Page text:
My former spouse died at the age of 36 in 1995. I was 37, and cared for our two children, who were 10 and 7 at the time of his death. I applied for survivors benefits and advised I would receive three separate checks for each of us. When the following month came, I only received two checks, one for each of the children individually. I called the office to inquire about it and was then told I didn't qualify for widows benefits. I didn't apply for widows benefits, I applied for survivors benefits, which they had that information. I was the mother and caregiver of our children and we were married for more than nine months, but not ten years. My understanding the benefits are payable at any age, and payable for a lifetime. I never received the ex-spousal survivors benefits and I have never remarried. I will be 62 this year and believe the agency misinformed me of my eligibility, which caused a huge economical loss for me and my family through the years and into the future. Am I correct in this? If so, is there anything I can do about it now? I just found out about my eligibility recently. Thank you for any assistance.
I'm not sure whether or not you mean that you were divorced from your spouse at the time of his death, but either way it sounds like you would have qualified for survivor benefits if you had a child in your care who was under age 16 and who was eligible for benefits on your husband's record. The only way that you'd still qualify for those benefits is if you have a child in your care who's disabled and eligible for disabled adult child benefits on your husband's account.
What you'd need to do to potentially collect back pay depends on what whether or not you filed an application for benefits. If you applied for benefits and your claim was disallowed, you normally must file an appeal within 60 days of your notice of disallowance. Even though you're outside of your appeal period, though, Social Security might be able to reopen the decision on your disallowed claim if you submit a written request for reopening (https://secure.ssa.gov/apps10/poms.nsf/lnx/0204001050). The time limit for reopening a claim is usually 4 years from the date of the disallowance notice, but claims can be reopened regardless of how much time has passed if the determination was clearly incorrect based on evidence available to Social Security at the time of their determination.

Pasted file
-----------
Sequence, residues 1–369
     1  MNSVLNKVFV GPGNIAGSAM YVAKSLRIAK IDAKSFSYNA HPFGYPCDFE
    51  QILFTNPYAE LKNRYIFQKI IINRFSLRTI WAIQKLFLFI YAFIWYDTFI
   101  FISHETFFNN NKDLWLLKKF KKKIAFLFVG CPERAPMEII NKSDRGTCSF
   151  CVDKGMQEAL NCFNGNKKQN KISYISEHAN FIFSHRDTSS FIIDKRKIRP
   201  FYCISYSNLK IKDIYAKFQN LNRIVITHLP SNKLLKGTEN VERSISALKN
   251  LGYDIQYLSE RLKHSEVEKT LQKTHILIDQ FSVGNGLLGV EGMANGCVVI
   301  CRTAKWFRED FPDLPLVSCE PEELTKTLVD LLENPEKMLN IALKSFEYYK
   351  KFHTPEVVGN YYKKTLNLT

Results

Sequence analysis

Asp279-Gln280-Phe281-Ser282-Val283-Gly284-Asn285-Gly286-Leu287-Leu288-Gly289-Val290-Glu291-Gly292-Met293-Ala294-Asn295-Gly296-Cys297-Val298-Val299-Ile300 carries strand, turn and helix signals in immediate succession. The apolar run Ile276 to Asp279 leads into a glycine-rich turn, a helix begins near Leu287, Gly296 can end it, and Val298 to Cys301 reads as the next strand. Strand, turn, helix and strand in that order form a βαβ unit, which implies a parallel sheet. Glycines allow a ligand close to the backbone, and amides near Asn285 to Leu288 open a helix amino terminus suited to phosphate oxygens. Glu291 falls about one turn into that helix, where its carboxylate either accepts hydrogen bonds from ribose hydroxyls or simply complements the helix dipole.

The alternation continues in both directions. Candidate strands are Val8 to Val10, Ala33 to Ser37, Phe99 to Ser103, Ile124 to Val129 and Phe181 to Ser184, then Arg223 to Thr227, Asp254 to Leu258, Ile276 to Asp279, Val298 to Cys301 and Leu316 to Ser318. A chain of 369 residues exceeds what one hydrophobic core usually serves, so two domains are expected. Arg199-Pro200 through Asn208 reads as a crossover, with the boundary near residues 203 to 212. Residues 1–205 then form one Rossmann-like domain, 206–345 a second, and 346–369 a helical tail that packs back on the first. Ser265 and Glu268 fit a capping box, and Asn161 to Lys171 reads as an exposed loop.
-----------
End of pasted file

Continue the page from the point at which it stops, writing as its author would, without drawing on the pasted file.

However, if you never filed an application for survivor benefits, then your only hope for collecting back pay would likely be if you could prove that you failed to apply due to misinformation you received from Social Security. The following section of Social Security's operations manual explains what's required to establish misinformation: https://secure.ssa.gov/apps10/poms.nsf/lnx/0200204008.
You don't mention whether or not you had earnings during the time that your children were young, but if you did then it's possible that your survivor benefits would need to have been withheld due to your earnings. In other words, even if you had applied for benefits and your claim was approved, it's possible that you weren't eligible to actually collect any benefits if you were working and earning too much. For example, in 1995 $1 of your benefits would need to have been withheld for each $2 that you earned in excess of $8,160 that year.
If you were married for at least 9 months and not divorced from your husband at the time he died then you could potentially qualify for widow's benefits as early as age 60 regardless of whether or not you have children. But, if you were divorced at the time of your husband's death and your marriage lasted less than 10 years then you couldn't qualify for survivor benefits unless you have an eligible child in your care as explained above.